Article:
In fact, while the prawns-human dynamic is powerful, it's pretty much just a backdrop for a man-on-the-run fugitive story involving Wikus. And when talking about bold film innovation, you have to mention making this character a sci-fi hero. After all, the nerdy pencil pusher Wikus is hardly the typical action film star. Have any other sci-fi heroes ever made their wives paper-mache gifts before? This guy is more Michael Scott from The Office than John Connor. But Wikus is a fully-drawn character in whom we see sweetness and ugliness, compassion and selfishness. His arc is fascinating. In fact, when we see at the end a documentary clip of him "shot" before the film's events, it's shocking to remember who this man used to be. Because we identify with Wikus, his horrors and victories are all the more poignant.
Unfortunately, the film suffers from two identity crises. First, Blomkamp has said that he made this film to be a balance between a heady, indie sci-fi film and an American action movie. When it's the former, it is top rate. When it's the latter—as most of the second half is—it falls into the same traps of many Hollywood studio action flicks: cheap story shortcuts, leaps in logic that test the suspension of disbelief, and overused conventions like bad guys who'd be far more effective if they didn't give so many long speeches. In fact, the plot unravels toward the end into gory, frenetic action. (Take note: This is mature sci-fi with a horror bent. While not scary, the film is dark, gruesome and gritty.)
Secondly, while the film is innovative in the use of a provocative, enthralling documentary style, it frequently breaks that wall, jumping in and out of the faux-documentary convention. Yes, most of the film is seen through news footage, a camera crew following Wikus and security cameras, but for long stretches, District 9 will randomly snap into normal cinematic omnipresence. It's not only jarring, but it cheapens the story's delivery. Presenting a story fully from the narrow view of "available footage" is bold and tricky (see Cloverfield); opening it randomly to show the bigger picture (like the aliens' or bad guys' perspectives) feels easy and heavy-handed—as if the audience isn't trusted to put missing pieces together.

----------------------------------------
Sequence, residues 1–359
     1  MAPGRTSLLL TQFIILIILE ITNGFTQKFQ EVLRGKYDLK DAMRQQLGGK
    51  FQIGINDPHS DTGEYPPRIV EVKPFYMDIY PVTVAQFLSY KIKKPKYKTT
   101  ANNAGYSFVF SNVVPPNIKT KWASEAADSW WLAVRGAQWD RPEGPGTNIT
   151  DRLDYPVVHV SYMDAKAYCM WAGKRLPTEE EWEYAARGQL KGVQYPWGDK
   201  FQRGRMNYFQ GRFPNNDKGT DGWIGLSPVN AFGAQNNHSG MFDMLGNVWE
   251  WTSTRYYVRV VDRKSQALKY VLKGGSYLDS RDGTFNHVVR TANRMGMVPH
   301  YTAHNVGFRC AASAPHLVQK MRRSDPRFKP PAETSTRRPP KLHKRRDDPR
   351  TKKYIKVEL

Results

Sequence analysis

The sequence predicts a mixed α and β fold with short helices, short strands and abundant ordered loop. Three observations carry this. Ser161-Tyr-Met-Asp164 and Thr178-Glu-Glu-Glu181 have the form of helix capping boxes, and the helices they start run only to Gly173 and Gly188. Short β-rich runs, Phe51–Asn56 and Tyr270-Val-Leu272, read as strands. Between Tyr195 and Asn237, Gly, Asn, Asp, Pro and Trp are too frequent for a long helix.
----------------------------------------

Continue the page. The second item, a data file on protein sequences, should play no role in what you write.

Overall, District 9 is a bold and inventive science fiction vision that mostly excels but stumbles in the details. Still, this is advanced sci-fi that offers fun, thrills, and excitement (two words: robot suit) at a deeper level.Discussion starters
- What do you think happens from here? If Wikus stays the way he is at the end, do you find the resolution satisfying or is it only a happy ending if Christopher does as he promises? Is there enough resolution in just Wikus' journey to look out for others?
- What does it mean to be human? Do the biblical commands to love others extend to non-humans? It's easy to watch District 9 and think we'd treat these aliens better, but would we?
- What revelations about our world does seeing this imaginary world provide you?
- Why is the human condition so prone to hating "the other"—whoever is not like us? What is at the heart of that trait?
The Family CornerFor parents to consider
District 9 is rated R for bloody violence and pervasive language. This is gritty sci-fi for mature audiences. While it doesn't have the scares of a horror movie, it certainly has the gore. Limbs are amputated, aliens are shot point-blank execution style, and lots of bodily fluids (blood, vomit [human and alien], alien urine, etc.) are shown. A pack of predators tear apart a man's body. Offensive language is pretty constant, including the Lord's name taken in vain and barrages of f-words during intense sequences. A man is said to have had intercourse with an alien—and a tabloid-like photo is shown. Nigerians living in District 9 practice witchcraft to seize the aliens' powers for themselves—this means eating the alien flesh.
Photos © Sony Pictures